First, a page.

When a soldier’s weapon is cricket

Nayir Iqbal from Worcestershire | Update:

Ian Martin was in the British Navy and in the early nineties he fought in the Gulf War too. He was a strong and active young man. Then one day he was struck by neuromuscular disease.

It would only be natural for a strapping lad like him to be gripped by depression, but not Ian Martin. This former soldier has taken up a war again. This time his war is for those, who like him, have lost the ability to lead normal lives. And the weapon he uses in this war is cricket.

Ian has loved cricket since his childhood. His love for the sport increased even further when he joined the British Navy in 1987. His service in the navy took him to the Far East and Australia. In 1991 he fought in the Gulf War.

Later when Ian was working on a US Navy mission in Scotland, he was diagnosed with neuromuscular disorder. He gradually began to lose his ability to move around. He had to leave the navy. Cricket was his only source of joy in those dark days.

It was then that he began to think about those who suffered from such physical disabilities who loved sports. Why should they be deprived from the game? Surely they too had the right to play and to represent their country. This was happening in other sports, but the cricket management didn’t seem to think about this.

Being a cricket fanatic himself, he realised how frustrating it was to be deprived from the sport. He then worked on arranging cricket games for the disabled through the England and Wales Cricket Board (ECB). And he is determined to make cricket for disabled into a professional sport too.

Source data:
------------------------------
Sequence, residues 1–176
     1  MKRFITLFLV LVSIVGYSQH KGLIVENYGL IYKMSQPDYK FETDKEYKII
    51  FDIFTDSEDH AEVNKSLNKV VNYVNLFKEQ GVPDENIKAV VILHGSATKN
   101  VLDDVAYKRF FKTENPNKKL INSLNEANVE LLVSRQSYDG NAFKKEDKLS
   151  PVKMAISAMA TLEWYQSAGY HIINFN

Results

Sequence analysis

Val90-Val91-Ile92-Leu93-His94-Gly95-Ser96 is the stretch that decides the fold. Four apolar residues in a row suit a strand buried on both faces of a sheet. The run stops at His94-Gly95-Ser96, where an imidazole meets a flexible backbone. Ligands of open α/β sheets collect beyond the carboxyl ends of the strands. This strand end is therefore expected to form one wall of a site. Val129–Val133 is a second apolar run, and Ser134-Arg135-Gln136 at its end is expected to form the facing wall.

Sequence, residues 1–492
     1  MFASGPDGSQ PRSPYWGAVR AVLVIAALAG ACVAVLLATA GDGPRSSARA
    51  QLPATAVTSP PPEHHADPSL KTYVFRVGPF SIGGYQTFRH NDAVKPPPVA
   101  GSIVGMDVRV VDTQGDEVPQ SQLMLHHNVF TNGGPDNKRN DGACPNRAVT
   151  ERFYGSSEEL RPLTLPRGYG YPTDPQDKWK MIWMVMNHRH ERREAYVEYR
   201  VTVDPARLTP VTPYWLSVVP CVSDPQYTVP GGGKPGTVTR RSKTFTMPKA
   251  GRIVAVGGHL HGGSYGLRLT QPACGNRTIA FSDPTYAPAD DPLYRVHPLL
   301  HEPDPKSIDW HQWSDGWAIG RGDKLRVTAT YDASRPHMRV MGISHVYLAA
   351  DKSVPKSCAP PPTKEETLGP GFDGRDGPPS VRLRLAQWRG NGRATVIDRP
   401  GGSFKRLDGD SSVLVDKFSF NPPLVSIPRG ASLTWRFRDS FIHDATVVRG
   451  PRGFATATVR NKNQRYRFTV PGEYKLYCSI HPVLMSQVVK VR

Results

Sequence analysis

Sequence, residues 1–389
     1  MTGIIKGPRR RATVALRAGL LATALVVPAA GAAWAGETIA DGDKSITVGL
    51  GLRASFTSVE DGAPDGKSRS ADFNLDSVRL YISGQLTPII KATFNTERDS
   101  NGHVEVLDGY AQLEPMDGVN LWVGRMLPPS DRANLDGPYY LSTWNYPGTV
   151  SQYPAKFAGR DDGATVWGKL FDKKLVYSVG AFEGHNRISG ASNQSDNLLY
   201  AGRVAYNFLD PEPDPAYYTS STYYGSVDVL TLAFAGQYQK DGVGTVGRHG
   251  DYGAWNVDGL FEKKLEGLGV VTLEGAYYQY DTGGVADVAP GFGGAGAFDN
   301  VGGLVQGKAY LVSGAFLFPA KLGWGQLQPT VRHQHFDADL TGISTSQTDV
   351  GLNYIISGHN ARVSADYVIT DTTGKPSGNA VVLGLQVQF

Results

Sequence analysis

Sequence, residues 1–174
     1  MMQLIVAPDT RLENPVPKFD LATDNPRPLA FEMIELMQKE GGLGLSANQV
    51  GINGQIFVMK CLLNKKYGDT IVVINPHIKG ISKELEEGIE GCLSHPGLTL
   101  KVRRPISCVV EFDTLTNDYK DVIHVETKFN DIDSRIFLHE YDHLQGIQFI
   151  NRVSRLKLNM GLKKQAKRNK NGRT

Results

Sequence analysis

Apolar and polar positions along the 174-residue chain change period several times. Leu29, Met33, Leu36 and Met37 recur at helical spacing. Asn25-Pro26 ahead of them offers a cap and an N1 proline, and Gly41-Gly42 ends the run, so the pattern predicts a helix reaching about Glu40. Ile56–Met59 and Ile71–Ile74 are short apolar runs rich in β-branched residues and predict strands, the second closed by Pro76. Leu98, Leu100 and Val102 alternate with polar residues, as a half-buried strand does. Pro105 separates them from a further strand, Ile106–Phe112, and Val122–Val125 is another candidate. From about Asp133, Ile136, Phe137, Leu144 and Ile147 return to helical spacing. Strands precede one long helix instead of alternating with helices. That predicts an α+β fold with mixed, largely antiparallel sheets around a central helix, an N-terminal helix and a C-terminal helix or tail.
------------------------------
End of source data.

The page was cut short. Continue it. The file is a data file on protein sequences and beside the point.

ECB arranged for the physically disabled to play domestic cricket from 1999. Ian Martin then began pondering on how to take this to an international level.

Ian Martin has been head of ECB’s disability cricket wing since 2007. He said, “England has had cricket for the physically disabled since 1999. It is very competitive. But at one time I began to think, who are our competitors? Who will the English physically disabled cricketers prove their competence against? That is why international disability cricket is being organised.”

.Martin came to Bangladesh in 2014. He shared his thoughts with the Bangladesh Cricket Board (BCB) and the International Committee of the Red Cross (ICRC). He said Bangladesh was in the forefront among the countries interested in cricket for the disabled, “I visited Bangladesh in 2014. I met with BCB and ICRC. Since then BCB and ICRC has facilitated physically disabled Bangladeshi cricketers to represent their country at an international level.”

Ian uses a wheelchair. He was an avid cricket player at one time and so understands the sufferings of the disabled. He said, “They like cricket. They shouldn’t be deprived from playing due to physical disability. They too have the right to represent the country.”

Martin wants support from the International Cricket Council (ICC). He is a bit disappointed that ICC hasn’t really attached that much importance to disability cricket.

This English dreamer believes that if the cricket boards of all cricket playing nations pays importance to this, ICC will be bound to take this into consideration. He said, “ICC said it will take up a work plan in this regard towards the end of the year. Let’s see what happens.”

* This report appeared in Prothom Alo online and has been rewritten in English by Ayesha Kabir

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